How long do referees need to review a journal paper?

When I was an editor, I often encountered referees who did not usually review papers in my field. I was told that our aspiration of asking referees to complete their tasks in two weeks was unusual. Apparently, in most social science and management journals the time suggested for reviewing a paper is anything between four weeks and three months! This made our two-week deadline look rather odd. Of course, I was aware of other disciplines where the time suggested was 1-7 days, depending on the journal, so clearly there are some very diverse practices. Given that it takes a matter of hours to review a paper, I guess that what typically happens is that a paper for review waits on someone’s desk until they finally get around to carrying out non-urgent tasks. Perhaps I am wrong, and perhaps some people really are spending several weeks composing a review of a paper. What do you think? When you are an author, are your expectations and aspirations different to when you are a referee? What is the shortest time and the longest time that you would expect to wait for the decision on your paper, and what are your experiences, especially in different fields?

(All comments are moderated, so may not appear immediately.)

About Will

Professor of Construction Management and Economics, University of Reading, UK. Editor-in-Chief, Construction Management and Economics (1992-2016). Programme Director, MSc Construction Management. School Director of Postgraduate Teaching Programmes.
This entry was posted in CM&E forum, Refereeing and tagged , . Bookmark the permalink.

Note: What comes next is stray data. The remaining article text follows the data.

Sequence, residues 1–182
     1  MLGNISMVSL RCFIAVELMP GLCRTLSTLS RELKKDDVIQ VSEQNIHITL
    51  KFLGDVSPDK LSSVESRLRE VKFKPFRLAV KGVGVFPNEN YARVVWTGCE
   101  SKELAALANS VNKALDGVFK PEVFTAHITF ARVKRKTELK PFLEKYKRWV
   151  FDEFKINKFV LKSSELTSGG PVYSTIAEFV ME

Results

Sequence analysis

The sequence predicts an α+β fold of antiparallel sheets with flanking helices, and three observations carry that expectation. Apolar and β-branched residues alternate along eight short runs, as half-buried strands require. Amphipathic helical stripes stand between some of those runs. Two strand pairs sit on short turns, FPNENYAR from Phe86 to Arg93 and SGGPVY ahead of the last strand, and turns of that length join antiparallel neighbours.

5 Responses to How long do referees need to review a journal paper?

  1. Dr Philip Lawal (Reader) says:

    Journal article review is practically a thankless job and devoid of any remuneration. It is difficult to abandon income-earning jobs for such exercise. four weeks is a good period for receiving a meaningful review

    • Will says:

      Philip – interesting that for you the concept of remuneration is the primary concern here. I am sorry if you feel that this is a thankless task. Actually, from my point of view, we thank every referee individually and then at the end of each year, thank them publicly and publish their names in acknowledgement of the valuable service that they provide. And, as the saying goes, what goes around comes around, so one reason that you referee papers is that other people will referee yours. My feeling is that exchanging money would only deal with imbalances in the system. But with journals seeking 3-4 reports per paper, perhaps I should expect to referee 3-4 times as many papers than I submit for consideration. And since research papers determine career progression, I do not see this is as “abandoning income-earning jobs”, but a central part of what it means to be a paid academic! It is interesting and useful to contrast our perspectives on this.

  2. Kristina Smith says:

    Wow! Academia really does move at a different speed to business. Can you imagine writing a strategy document and waiting for three months for colleagues to review it? Three days would probably be generous…
    Are these people super-busy, totally timetabled, or just in need of time management tips from the business world?

  3. Henjewele says:

    I think it depends on circumstances. while in most papers I would receive several reminders, recently I finished a review within 24hrs. My experience is, the longer the time you are given, the more likely you will forget about the paper.

    • Will says:

      Henjewele, yes, if the timing is right, it is certainly possible to review a paper in a matter of hours. As Kristina surmises, above, it is not the task of refereeing that takes months, but the way that tasks are prioritize. I fear that a referee who needs several months is asking us to wait while nothing happens. If someone is going to be too busy for the next two months, why not decline the invitation and accept one later that can be fitted in?

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